Iran's Ahmadinejad scoffs at Western sanction

Defiant president says scientific inventions will "create 10 times more money" than West's oil purchases.

    Iran's Ahmadinejad scoffs at Western sanction
    Iran's income from oil and gas exports has dropped by 45 per cent as a result of sanctions [AFP]

    Mahmoud Ahmadinejad, Iranian president, has claimed the Islamic Republic can create 10 times more wealth from inventions than oil.

    Addressing a crowd in the western city of Hamedan, Ahmadinejad scoffed at western sanctions against Tehran for its suspect nuclear programme.

    "Don't buy our oil? To hell with you," Ahmadinejad said in remarks aimed at the West.

    "It's better if you don't buy... 10 times more money will head to people's pockets through the inventions of our scientists."

    Last week, Ahmadinejad said Iran must move away from dependence on oil revenues to overcome Western sanctions that have slowed the economy and disrupted foreign trade. Iran has long depended on oil sales for about 80 percent of its foreign currency revenue.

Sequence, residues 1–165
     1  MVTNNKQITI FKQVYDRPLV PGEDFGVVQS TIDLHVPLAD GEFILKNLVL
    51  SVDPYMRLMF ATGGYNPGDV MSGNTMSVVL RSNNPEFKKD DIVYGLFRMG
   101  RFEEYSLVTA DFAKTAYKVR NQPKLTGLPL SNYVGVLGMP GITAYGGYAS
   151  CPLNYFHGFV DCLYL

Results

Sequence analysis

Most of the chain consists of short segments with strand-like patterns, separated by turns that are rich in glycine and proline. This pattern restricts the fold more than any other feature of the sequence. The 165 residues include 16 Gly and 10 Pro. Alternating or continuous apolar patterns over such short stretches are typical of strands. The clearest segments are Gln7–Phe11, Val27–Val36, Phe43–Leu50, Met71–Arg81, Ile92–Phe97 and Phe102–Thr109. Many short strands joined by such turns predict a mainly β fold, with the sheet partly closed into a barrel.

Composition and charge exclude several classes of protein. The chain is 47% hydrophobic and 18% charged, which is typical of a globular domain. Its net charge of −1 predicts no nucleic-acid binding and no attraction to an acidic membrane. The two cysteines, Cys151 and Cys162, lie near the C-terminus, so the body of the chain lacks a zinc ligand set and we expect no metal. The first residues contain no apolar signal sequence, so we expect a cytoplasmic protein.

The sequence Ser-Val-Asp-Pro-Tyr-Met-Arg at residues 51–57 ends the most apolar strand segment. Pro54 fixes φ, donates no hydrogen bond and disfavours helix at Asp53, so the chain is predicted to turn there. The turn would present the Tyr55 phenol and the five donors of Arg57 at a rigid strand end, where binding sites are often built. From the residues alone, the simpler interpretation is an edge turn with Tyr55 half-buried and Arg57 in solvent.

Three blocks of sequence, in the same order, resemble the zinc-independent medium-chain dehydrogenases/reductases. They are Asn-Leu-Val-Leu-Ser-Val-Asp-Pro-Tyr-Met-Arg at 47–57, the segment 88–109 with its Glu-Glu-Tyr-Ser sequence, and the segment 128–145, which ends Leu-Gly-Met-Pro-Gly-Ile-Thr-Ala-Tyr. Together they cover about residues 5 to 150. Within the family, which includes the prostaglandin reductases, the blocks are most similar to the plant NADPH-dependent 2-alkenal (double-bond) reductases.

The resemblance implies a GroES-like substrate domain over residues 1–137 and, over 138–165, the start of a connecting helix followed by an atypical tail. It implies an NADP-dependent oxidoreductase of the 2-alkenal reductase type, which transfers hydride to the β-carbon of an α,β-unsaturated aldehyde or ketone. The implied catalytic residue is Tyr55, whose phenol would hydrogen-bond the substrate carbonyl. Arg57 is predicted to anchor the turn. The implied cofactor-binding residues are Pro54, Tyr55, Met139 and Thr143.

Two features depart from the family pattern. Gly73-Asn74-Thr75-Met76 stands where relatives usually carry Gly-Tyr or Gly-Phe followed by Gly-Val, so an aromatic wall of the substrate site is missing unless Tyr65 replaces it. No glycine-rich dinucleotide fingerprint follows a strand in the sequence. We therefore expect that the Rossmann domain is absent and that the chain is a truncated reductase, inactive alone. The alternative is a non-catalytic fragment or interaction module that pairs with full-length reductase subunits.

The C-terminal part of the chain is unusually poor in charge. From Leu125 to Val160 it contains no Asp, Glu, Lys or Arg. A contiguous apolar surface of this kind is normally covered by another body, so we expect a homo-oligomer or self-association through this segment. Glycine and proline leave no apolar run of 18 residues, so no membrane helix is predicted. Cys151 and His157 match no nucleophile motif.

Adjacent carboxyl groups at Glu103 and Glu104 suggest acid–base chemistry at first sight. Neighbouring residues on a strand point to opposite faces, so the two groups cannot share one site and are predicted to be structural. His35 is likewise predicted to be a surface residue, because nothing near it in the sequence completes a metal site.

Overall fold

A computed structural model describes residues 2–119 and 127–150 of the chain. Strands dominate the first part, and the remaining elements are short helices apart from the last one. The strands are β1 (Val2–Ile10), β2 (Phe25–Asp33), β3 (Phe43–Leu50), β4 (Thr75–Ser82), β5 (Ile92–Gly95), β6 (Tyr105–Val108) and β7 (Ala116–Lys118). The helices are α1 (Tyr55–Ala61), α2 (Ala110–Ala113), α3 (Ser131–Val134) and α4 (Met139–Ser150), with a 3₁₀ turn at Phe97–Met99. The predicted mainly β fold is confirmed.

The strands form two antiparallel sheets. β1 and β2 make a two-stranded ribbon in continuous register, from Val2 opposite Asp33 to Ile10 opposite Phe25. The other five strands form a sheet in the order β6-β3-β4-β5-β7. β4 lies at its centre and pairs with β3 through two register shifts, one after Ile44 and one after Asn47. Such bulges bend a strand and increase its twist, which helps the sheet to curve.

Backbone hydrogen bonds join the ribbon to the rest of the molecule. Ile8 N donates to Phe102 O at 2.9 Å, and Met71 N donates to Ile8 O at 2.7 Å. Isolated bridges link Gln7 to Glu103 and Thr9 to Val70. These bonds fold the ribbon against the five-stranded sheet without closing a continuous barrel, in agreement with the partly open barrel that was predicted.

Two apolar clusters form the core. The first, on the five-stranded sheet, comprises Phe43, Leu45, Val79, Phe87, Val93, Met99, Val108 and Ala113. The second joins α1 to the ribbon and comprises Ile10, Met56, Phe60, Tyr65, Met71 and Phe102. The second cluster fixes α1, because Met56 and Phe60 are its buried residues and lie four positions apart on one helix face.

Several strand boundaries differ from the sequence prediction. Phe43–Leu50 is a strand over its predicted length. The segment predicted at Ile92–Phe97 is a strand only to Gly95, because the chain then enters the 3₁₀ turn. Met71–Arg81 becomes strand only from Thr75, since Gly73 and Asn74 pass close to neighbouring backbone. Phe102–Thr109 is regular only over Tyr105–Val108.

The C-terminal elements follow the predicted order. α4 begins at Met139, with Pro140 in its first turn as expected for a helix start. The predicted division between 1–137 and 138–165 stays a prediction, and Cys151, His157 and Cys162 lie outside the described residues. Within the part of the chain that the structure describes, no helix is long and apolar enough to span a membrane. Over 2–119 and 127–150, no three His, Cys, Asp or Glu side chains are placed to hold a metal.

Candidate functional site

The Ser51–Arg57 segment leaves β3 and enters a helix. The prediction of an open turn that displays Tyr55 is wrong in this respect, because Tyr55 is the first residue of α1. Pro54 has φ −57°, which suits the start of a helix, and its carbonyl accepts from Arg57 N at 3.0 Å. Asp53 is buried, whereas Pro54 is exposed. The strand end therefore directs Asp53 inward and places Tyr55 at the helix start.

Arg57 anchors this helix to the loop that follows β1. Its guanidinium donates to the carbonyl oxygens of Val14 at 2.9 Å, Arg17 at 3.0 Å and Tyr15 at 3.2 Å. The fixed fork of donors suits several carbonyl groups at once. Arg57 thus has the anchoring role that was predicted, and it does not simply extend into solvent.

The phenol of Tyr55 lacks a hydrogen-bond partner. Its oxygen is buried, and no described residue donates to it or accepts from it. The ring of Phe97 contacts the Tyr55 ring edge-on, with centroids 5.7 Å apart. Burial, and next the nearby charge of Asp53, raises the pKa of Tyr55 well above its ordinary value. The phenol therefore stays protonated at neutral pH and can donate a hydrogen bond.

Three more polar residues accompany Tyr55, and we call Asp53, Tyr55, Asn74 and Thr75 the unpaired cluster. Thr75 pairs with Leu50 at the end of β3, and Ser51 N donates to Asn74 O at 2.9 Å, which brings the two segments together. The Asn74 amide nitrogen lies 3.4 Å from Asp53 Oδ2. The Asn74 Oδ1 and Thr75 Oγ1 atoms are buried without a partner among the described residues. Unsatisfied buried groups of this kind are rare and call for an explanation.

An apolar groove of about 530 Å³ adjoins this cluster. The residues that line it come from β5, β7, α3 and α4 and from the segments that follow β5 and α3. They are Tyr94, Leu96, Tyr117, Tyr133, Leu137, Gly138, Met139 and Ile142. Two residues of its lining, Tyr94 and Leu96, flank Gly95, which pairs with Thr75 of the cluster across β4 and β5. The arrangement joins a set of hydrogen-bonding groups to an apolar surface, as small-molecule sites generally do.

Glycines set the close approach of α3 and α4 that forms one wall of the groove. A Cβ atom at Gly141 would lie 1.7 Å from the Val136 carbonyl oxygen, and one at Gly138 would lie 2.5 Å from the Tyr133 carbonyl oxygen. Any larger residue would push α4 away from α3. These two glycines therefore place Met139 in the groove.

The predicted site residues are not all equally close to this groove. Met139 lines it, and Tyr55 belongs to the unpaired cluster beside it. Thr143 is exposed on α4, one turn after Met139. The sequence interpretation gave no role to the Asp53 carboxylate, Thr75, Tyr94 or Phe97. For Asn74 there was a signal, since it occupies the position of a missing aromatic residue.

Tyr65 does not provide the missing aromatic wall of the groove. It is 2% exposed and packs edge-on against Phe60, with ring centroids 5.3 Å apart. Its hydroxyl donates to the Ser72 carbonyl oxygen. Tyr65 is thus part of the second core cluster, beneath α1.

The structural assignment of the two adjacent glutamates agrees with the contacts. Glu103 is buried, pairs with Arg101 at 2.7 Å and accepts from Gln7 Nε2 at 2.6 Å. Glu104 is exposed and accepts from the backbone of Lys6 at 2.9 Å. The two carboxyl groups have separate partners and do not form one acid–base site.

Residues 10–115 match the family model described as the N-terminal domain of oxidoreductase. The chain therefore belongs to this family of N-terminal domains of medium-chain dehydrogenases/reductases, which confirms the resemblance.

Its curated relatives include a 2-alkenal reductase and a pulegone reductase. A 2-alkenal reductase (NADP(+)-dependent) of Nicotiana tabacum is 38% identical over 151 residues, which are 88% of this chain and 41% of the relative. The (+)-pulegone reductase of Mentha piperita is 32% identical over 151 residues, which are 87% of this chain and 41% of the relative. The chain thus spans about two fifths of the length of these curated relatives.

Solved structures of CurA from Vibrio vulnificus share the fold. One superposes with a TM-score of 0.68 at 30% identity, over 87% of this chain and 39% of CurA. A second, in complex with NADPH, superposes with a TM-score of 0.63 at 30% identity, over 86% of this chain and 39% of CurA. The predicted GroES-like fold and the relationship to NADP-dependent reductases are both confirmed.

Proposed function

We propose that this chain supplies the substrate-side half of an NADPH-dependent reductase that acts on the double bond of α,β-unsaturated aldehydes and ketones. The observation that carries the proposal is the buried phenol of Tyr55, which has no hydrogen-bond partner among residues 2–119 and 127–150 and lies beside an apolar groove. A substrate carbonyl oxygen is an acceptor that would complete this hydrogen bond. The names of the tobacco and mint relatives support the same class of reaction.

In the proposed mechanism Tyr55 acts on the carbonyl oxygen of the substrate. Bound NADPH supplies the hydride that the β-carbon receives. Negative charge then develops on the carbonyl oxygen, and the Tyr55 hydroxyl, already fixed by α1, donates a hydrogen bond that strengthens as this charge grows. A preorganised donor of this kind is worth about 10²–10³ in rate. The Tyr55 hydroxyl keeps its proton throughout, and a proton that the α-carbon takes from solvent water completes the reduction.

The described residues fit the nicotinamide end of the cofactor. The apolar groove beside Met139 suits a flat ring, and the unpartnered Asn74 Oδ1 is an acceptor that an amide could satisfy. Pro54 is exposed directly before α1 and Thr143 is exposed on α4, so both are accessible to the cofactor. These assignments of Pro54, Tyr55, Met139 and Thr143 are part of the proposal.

Iran's income from oil and gas exports has dropped by 45 percent as a result of sanctions. The West fears Iran may ultimately be able to develop nuclear weapons, a charge Tehran denies.

    Iran's national currency has also lost about 8 per cent of its value in the past two days, hitting a record low against the US dollar and other foreign currencies in street trading.

    Street traders said on Tuesday it reached 36,200 rials to the dollar. It was 33,500 rials on Sunday.

    Iran's national currency lost nearly 40 percent of its value in 2012 alone.

    Each US dollar was trading at around 10,000 rials, as recently as early 2011. Iranian authorities have accused the West of waging an "economic war".

    The country is living under stepped up Western sanctions that also include banking restrictions that make it increasingly difficult for Iran's Asian customers to pay for oil deliveries.

    The government is preparing an austerity budget for the next Persian calendar year that begins on March 21.

    It aims to avoid a budget deficit by substantially increasing income taxes to make up for shrinking oil revenues.

    SOURCE: Agencies


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